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Large Summer Rainfall Events and Their Importance in Mitigating Droughts over the South Western Cape, South Africa

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  • 1 Department of Oceanography, University of Cape Town, Rondebosch, South Africa
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Abstract

Although the south Western Cape receives most of its rainfall between May and September, there are substantial rainfall events in some summers. These events are of interest in themselves as well as for their possible role in mitigating the frequent winter droughts that the region suffers from. Most recently, greater Cape Town suffered a devastating drought during 2015–18 known as the Day Zero drought due to the high risk of urban areas running out of piped water supply. Estimated data from the city show that major dam levels in the south Western Cape increased more than 1% in some cases after large rainfall events (LREs) in the summer of 2018/19. This increase is significant as dam levels often decrease by several percent per month during the hot summer. In this study, LREs over the south Western Cape during the summer (October–March) are investigated together with dam level data. Most summer LREs result from atmospheric rivers (ARs) or cutoff lows (COLs). ARs have not been previously studied in the South African region except for one study for winter that showed they are responsible for almost all the heavy rainfall events in the Western Cape. Although COLs are most common in the transition months, they can also occur in midwinter and summer. COLs tend to last longer and cover larger areas than ARs, which typically yield relatively short bursts of intense rainfall mostly concentrated around greater Cape Town. After each summer LRE, average dam levels increase by up to 5%, suggesting they are very important for drought recovery. In particular, summer LREs following the anomalously dry winters of 1980, 1984, 2003, 2004, and 2015–18 played an important role in mitigating those droughts.

© 2021 American Meteorological Society. For information regarding reuse of this content and general copyright information, consult the AMS Copyright Policy (www.ametsoc.org/PUBSReuseLicenses).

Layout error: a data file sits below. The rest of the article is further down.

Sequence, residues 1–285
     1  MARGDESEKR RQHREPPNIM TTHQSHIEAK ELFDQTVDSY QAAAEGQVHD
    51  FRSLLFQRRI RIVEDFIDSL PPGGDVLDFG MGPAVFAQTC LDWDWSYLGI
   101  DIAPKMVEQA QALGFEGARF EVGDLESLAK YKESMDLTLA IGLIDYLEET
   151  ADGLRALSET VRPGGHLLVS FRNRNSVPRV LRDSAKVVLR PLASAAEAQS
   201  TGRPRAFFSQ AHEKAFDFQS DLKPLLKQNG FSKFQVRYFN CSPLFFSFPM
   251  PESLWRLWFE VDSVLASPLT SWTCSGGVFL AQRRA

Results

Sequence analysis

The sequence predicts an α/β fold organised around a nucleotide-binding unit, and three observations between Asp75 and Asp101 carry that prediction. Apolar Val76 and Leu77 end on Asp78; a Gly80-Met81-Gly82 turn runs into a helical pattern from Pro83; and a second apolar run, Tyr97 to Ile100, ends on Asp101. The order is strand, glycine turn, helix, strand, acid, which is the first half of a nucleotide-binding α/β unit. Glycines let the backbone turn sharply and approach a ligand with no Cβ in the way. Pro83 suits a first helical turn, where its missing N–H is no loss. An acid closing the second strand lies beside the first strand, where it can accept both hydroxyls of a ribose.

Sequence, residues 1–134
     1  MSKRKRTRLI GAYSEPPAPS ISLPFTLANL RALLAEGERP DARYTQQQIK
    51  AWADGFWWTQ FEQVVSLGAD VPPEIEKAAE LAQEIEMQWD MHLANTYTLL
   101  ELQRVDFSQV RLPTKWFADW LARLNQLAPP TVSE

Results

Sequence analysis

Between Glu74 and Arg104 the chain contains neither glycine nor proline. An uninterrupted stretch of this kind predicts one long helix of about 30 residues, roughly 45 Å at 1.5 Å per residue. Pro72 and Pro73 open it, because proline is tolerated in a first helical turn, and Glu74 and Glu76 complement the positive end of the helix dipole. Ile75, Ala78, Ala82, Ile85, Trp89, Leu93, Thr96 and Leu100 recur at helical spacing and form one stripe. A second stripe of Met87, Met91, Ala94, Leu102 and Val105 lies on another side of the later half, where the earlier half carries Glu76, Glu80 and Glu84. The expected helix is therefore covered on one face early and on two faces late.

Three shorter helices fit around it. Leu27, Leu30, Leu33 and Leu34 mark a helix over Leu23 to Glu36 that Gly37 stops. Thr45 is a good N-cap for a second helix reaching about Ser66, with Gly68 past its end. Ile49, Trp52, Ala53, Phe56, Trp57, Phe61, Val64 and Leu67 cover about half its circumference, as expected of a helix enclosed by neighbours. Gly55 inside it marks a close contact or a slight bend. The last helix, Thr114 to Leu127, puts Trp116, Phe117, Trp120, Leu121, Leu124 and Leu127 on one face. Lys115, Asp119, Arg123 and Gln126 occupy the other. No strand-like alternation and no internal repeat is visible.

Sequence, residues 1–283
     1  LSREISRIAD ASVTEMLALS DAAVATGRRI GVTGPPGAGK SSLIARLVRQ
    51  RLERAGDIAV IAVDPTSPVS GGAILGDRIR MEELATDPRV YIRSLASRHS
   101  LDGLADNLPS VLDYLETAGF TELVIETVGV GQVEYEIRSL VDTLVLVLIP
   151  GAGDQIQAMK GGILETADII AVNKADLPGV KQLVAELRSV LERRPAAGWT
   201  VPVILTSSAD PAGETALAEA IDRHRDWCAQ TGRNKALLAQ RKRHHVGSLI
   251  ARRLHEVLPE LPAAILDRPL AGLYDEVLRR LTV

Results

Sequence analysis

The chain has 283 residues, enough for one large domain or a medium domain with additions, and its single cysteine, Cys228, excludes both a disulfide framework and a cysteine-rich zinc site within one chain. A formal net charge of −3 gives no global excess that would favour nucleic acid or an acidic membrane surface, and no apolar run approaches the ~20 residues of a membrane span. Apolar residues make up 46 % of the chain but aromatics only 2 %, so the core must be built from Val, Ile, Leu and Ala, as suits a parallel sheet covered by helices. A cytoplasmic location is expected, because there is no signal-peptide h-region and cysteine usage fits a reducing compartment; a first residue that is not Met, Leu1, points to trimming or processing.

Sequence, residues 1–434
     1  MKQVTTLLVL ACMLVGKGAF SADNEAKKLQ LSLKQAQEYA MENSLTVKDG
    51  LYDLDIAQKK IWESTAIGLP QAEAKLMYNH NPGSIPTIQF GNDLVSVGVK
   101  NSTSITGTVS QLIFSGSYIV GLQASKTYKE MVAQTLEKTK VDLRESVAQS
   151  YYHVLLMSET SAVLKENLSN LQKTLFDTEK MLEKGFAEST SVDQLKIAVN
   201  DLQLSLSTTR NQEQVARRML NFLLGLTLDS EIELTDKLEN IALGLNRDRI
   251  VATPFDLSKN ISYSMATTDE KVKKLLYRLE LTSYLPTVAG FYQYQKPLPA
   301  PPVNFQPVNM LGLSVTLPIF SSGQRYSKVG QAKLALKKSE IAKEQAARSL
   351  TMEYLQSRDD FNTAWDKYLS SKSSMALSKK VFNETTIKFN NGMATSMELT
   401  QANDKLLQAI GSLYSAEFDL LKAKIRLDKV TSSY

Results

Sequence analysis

Corresponding author: Wade De Kock, dkcwad001@myuct.ac.za

Abstract

Although the south Western Cape receives most of its rainfall between May and September, there are substantial rainfall events in some summers. These events are of interest in themselves as well as for their possible role in mitigating the frequent winter droughts that the region suffers from. Most recently, greater Cape Town suffered a devastating drought during 2015–18 known as the Day Zero drought due to the high risk of urban areas running out of piped water supply. Estimated data from the city show that major dam levels in the south Western Cape increased more than 1% in some cases after large rainfall events (LREs) in the summer of 2018/19. This increase is significant as dam levels often decrease by several percent per month during the hot summer. In this study, LREs over the south Western Cape during the summer (October–March) are investigated together with dam level data. Most summer LREs result from atmospheric rivers (ARs) or cutoff lows (COLs). ARs have not been previously studied in the South African region except for one study for winter that showed they are responsible for almost all the heavy rainfall events in the Western Cape. Although COLs are most common in the transition months, they can also occur in midwinter and summer. COLs tend to last longer and cover larger areas than ARs, which typically yield relatively short bursts of intense rainfall mostly concentrated around greater Cape Town. After each summer LRE, average dam levels increase by up to 5%, suggesting they are very important for drought recovery. In particular, summer LREs following the anomalously dry winters of 1980, 1984, 2003, 2004, and 2015–18 played an important role in mitigating those droughts.

© 2021 American Meteorological Society. For information regarding reuse of this content and general copyright information, consult the AMS Copyright Policy (www.ametsoc.org/PUBSReuseLicenses).

Corresponding author: Wade De Kock, dkcwad001@myuct.ac.za
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